The Dow Rose 76 Points to End a Record Year With a Strong Finish

The Dow Jones Industrial Average ended the last day of 2019 with gains. Illustration by Michael George Haddad

Goodbye 2019. After a year-long bull run and a series of record breaking, stock market ended the last day of 2019 on an upbeat note, with all three indexes in the black. Investors yawned at President Donald Trump’s tweet in which he said a “phase one” trade deal with China will be signed on Jan. 15 at the White House. Trump will also go to Beijing for negotiations on a “phase two” agreement at an unspecified point in the future. Investors cared more about consumer confidence, which missed economists consensus expectations in December. Elsewhere, Uber Technologies (ticker: UBER) and Postmates filed a lawsuit against the state of California, calling its AB 5 law on gig workers unconstitutional. In today’s After the Bell, we…

  • check on consumer confidence in December;
  • celebrate a good run for stocks in 2019;
  • and look into 2020 with a watch list.

A Good Run

All three major indexes spent most of the day in the red, but raced in the final hour to finish the day with gains. The Dow Jones Industrial Average gained 76.30 points, or 0.27%, to close at 28,538.44. The S&P 500 edged up 9.49 points, or 0.29%, to end at 3230.78, and the Nasdaq Composite rose 26.61 points, or 0.30%, to close at 8972.60.

Market participants shrugged off the announcement of an official date for the trade deal signing, which was largely priced in already, and turned their eyes to the Conference Board Consumer Confidence Index instead.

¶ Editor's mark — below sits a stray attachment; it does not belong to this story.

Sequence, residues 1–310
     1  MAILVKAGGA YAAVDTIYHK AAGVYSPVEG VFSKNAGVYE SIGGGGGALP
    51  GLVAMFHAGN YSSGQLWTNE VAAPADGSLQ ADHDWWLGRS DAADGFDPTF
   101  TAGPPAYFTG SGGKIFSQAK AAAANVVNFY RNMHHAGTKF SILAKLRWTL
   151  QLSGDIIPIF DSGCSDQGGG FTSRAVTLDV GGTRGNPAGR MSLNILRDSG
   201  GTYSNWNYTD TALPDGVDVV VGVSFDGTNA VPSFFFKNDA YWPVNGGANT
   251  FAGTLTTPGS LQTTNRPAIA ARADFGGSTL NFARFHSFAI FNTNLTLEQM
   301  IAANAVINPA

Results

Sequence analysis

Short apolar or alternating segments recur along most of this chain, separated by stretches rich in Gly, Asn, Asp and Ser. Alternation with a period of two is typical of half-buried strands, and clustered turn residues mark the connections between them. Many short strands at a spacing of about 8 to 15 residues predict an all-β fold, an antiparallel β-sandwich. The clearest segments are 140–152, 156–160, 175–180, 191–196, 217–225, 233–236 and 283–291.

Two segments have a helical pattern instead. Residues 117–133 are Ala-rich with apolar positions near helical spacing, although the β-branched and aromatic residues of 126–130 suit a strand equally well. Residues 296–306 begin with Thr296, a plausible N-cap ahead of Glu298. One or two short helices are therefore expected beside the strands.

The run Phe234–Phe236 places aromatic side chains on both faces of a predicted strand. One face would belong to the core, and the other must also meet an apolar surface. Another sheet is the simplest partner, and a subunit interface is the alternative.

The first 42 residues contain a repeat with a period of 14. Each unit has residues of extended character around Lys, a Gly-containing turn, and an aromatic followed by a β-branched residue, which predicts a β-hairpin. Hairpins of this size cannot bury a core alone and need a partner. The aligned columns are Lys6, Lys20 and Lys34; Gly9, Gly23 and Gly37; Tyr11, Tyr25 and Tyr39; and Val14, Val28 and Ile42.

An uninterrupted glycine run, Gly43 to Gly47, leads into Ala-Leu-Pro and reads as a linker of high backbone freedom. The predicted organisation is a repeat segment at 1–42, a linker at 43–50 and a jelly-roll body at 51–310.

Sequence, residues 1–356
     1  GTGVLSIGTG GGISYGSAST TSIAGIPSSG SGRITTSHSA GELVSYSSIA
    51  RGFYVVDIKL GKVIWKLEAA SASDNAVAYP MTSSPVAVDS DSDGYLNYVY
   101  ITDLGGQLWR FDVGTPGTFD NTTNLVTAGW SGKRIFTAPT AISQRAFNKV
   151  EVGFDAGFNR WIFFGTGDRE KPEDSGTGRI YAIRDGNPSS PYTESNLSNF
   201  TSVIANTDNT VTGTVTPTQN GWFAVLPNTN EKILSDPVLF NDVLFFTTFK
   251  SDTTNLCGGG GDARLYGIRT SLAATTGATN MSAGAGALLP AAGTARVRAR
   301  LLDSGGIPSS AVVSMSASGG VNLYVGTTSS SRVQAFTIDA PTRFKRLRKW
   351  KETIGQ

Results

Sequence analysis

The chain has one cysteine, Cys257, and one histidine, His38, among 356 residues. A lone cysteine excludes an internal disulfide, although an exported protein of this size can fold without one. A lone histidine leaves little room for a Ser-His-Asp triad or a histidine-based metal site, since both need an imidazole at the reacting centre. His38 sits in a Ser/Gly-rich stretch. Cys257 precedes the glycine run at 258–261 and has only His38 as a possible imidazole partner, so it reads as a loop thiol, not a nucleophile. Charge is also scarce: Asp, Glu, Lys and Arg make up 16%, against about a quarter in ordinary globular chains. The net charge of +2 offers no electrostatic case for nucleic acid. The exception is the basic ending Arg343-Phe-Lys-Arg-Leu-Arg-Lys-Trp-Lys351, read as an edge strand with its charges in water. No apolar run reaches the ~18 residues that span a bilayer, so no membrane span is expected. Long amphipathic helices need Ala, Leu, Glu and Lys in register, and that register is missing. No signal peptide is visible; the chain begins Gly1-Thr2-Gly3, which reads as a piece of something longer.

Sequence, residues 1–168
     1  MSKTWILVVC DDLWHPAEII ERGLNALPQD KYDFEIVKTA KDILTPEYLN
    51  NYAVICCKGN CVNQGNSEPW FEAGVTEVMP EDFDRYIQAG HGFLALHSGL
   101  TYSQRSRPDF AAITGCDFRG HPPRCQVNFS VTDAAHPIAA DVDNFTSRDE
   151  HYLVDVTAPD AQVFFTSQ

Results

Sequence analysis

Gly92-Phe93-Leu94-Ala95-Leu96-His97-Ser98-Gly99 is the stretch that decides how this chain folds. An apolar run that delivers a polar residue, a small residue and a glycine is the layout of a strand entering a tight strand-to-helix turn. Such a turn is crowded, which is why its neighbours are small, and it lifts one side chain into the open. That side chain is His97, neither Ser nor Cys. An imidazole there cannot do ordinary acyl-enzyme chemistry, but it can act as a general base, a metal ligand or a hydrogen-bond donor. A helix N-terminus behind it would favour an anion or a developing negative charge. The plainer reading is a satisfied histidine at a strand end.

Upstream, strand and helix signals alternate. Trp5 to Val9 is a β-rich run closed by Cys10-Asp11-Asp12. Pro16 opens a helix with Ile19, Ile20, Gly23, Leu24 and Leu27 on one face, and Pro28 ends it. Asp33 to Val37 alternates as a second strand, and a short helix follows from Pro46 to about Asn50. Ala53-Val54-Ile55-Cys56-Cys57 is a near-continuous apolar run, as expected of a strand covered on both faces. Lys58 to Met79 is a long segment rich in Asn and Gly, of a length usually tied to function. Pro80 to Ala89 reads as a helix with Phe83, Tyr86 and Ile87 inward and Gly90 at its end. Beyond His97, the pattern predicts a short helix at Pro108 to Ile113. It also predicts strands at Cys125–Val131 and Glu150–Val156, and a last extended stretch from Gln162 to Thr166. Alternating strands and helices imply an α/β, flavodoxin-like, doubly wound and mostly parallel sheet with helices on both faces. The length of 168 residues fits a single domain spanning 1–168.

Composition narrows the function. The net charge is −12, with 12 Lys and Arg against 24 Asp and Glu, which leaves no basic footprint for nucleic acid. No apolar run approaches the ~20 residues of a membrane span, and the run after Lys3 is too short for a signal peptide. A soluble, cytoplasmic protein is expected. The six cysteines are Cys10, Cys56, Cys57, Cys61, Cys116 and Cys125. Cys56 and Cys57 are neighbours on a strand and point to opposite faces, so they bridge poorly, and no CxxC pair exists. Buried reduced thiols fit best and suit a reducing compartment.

Consumer confidence dropped by 0.3 points in December from the previous month to reach 126.5, short of economists’ consensus expectation for 128.0. November’s reading was revised up to 126.8 from the initial 125.5. Consumers became more optimistic about the present situation in December, but less so about the economy’s near-term outlook. Specifically, optimism about job creation and income gains dimmed.

“Consumers have overwhelmingly been the growth engine for the economy in the past year, as trade policy uncertainty weighed on business investment,” Jim Baird of Plante Moran Financial Advisors wrote on Tuesday. “With confidence edging lower, spending momentum may also fade a bit in the coming months.”

Job creation will likely to continue to slow in the coming year, said Baird, with the unemployment rate at a half-century-low 3.5% and employers experiencing increasing challenges in finding and hiring qualified workers. That could weigh on consumer confidence, but the stronger wage gains should offset some of that impact as employers compete to hire and retain workers.

“The bottom line is that even with a slight dip, consumers remain relatively upbeat in their view of the economy,” wrote Baird, “That should continue to support spending growth, helping the economy to weather the mid-cycle slowdown and continue to grow in 2020.”

Editor’s Choice

This year has been a good one for stock investors. The S&P 500 rallied 28.9%, scoring the best annual run since 2013. Tech stocks were the best performers, while energy and health care were the worst.

Elsewhere around the globe, the Stoxx Europe 600 rose 23% to post its biggest one-year gain since 2009, while the Shanghai Composite finished the year up 22% for its best annual run since 2014.

For 2020, investors will have a lot to watch out for.

We’ll see you next year.

Write to Evie Liu at

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